The Turkish Government is trying to justify Internet censorship
A large and aggressive campaign has been deployed by the Turkish ruling
party AKP (Justice and Development Party) over the last few weeks in an
attempt to justify Internet censorship.
Paid-for advertising, press statements, op-eds in pro-government
newspapers or tweets were meant to press the idea that censorship is a
mean to protect Internet users and that anti-censorship positions are
actually “porn-lobby” actions.
What the government is trying to inoculate is that if the Internet were
not controlled, it would be a threat to children by a large range of
dangerous websites from porn sites to “violent websites,” “instructions
on how to kill your mother”, “sex with animals” and other such kind of
“So would you want your child to be a victim of sexual abuse, porn,
gambling or other hideous acts?” was The Star, a pro-government
newspaper, asking its readers.
The AKP has also launched a paid-for advertising campaign showing a
bruised woman with the comment: “Violence is a crime. What about the
Internet? Absence of rules does not mean liberty!”
“No matter what the government may say about protecting children or
stopping violence against women through censorship, everybody knows that
those issues are not being addressed to in real life, physically on the
street,” said Gurkan Ozturan, a journalist and blogger.
The campaign comes as the government has prepared a bill to amend the
Internet law introducing control mechanisms that give too much
discretionary power to the telecommunications authority and lacking in
legal safeguards. The bill was approved by President Abdullah Gul on 18
February 2014 after it had passed by the Parliament.
“It is not just about censorship or control of content, but they are
introducing certain mechanisms that I call an Orwellian nightmare,” said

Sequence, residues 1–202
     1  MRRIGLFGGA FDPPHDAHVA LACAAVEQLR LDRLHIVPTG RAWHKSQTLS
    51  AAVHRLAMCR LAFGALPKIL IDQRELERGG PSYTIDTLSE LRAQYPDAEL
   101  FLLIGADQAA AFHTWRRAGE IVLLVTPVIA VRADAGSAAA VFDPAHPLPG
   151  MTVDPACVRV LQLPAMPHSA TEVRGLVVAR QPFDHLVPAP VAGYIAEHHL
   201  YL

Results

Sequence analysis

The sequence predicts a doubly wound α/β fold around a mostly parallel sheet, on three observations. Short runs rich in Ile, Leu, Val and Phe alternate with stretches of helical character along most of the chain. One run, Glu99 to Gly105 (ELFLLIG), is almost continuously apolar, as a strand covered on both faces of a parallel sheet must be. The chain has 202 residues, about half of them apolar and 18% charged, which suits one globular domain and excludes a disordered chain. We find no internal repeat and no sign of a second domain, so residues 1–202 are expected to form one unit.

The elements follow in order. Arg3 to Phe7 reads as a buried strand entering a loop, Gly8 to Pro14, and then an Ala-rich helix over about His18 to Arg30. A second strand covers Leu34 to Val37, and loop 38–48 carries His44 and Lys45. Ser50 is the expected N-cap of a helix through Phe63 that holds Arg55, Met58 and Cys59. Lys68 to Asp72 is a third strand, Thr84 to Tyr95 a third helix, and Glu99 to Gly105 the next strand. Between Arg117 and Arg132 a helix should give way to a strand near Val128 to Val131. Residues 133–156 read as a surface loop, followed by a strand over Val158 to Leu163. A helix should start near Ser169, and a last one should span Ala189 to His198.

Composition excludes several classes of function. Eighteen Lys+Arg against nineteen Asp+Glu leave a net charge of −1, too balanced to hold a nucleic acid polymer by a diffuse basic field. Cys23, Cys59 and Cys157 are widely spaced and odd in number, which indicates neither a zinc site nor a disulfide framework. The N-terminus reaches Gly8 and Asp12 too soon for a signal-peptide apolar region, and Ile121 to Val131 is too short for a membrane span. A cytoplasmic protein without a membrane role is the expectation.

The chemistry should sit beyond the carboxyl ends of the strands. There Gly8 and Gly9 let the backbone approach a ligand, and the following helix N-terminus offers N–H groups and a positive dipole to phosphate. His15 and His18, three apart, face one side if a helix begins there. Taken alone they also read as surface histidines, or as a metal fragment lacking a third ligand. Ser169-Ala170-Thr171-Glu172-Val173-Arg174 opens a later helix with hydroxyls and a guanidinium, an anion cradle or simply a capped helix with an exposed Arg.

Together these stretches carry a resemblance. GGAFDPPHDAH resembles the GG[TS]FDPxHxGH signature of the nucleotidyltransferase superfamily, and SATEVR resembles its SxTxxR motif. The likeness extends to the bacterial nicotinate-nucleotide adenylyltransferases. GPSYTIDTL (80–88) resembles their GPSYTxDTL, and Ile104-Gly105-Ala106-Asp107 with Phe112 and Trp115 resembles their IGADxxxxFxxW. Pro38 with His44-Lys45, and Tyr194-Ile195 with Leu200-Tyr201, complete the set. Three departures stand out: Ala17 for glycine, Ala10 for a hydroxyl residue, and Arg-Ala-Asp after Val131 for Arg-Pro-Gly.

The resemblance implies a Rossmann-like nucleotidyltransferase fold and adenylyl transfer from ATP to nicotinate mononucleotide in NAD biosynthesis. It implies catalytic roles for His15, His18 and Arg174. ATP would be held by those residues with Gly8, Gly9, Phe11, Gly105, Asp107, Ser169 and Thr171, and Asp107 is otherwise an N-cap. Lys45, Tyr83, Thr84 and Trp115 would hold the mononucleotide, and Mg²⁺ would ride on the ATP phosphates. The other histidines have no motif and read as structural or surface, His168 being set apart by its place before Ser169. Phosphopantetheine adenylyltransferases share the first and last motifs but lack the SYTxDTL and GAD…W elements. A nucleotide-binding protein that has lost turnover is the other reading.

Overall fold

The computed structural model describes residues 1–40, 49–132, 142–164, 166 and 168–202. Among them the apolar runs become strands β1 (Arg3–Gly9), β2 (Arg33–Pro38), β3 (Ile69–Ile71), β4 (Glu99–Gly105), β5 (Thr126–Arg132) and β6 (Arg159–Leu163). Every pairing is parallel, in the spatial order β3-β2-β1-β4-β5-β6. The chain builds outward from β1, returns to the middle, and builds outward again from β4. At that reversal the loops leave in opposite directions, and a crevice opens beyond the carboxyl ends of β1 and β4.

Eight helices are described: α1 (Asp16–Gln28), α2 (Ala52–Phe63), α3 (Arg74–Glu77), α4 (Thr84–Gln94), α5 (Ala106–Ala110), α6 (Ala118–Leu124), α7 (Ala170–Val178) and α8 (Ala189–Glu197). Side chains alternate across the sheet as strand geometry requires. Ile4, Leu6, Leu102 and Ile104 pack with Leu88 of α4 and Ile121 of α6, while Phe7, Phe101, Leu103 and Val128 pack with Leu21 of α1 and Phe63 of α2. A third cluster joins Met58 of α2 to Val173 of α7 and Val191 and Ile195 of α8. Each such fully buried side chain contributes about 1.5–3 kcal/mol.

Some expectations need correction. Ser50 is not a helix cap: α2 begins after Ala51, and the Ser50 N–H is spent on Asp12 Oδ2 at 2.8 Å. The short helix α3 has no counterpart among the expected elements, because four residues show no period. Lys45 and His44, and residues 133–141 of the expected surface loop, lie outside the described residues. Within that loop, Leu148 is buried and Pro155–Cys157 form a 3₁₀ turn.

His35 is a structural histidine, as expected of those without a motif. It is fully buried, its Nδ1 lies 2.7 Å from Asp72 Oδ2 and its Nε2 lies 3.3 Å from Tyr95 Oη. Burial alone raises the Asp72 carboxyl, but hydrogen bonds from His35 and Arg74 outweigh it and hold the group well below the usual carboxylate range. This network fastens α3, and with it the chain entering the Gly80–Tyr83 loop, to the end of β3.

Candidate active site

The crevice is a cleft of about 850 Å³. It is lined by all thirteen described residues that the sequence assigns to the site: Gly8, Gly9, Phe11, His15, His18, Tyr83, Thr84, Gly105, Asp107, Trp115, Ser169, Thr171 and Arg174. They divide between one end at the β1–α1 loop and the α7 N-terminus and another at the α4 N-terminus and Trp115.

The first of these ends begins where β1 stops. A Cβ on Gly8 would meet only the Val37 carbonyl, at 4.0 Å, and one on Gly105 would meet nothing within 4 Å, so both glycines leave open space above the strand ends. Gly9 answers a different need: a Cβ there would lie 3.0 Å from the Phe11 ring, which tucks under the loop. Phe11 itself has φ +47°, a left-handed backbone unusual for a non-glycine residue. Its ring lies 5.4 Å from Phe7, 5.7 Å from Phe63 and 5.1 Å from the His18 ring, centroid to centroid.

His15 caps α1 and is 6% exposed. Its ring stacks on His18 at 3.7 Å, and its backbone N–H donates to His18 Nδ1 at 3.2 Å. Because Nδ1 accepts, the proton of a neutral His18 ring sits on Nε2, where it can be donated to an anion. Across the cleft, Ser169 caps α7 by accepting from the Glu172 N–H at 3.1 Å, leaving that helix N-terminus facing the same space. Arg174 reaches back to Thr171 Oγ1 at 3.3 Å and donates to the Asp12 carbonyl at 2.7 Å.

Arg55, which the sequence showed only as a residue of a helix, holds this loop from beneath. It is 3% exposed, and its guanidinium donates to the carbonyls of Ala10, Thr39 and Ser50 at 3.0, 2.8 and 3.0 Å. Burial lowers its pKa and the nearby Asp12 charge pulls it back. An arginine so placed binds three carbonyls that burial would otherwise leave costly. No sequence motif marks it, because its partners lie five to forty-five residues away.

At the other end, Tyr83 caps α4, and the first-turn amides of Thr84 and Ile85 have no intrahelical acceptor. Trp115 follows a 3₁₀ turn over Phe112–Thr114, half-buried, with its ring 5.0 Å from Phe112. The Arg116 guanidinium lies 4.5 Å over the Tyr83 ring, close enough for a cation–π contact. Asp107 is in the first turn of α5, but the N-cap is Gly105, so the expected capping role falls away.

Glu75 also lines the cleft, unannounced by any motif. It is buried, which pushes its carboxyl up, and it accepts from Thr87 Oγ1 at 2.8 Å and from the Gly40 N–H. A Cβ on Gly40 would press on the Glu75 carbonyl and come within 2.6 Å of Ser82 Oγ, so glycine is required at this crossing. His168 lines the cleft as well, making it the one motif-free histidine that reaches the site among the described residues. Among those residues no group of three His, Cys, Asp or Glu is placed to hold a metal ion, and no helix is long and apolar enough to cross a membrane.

Yaman Akdeniz, professor of law at Istanbul’s Bilgi University who
added: “These are the first steps toward the creation of surveillance
society in Turkey. If there aren’t any safeguards then the TIB [the
Telecommunications Directorate] could use the data for whatever purpose
it wants. Even if I’m not charged with a crime, it can ask for my data
and retain it. It can check on opposition party members, basically anyone. “
It is already obvious that the new legislation has nothing to do with
protecting children but that it is intended to help protect
Prime-Minister Erdogan and its government. Under the pretext of
protecting personal privacy, the law will allow the authorities to
collect users’ browsing histories and to block websites without any
court order. In a last amendment to the law, the order of the TIB
president will be subject to a court review within 24 hours.
Freedom House, a human rights group, has warned that Mr. Erdogan’s
government is using “a variety of strong-arm tactics to suppress the
media’s proper role as a check on power,” including forcing the firing
of journalists who are not favourable to the government and buying off
media moguls to promote pro-government campaigns.
The European Union and the Organization for Security and Cooperation in
Europe have also expressed opinions against these developments.
Hundreds of protesters went out on a riot after the law was approved
which lead to several arrests.
Turkey: Censorship laws don’t sell themselves (17.02.2014)
Protesters clash with police over new Internet law in Turkey (23.02.2014)
‘Turkey’s new Internet law is the first step toward surveillance
society,’ says cyberlaw expert (24.02.2014)
Turkey’s Internet Crackdown (21.02.2014)
EDRi-gram: Turkey: Internet censorship is getting harsher (15.01.2014)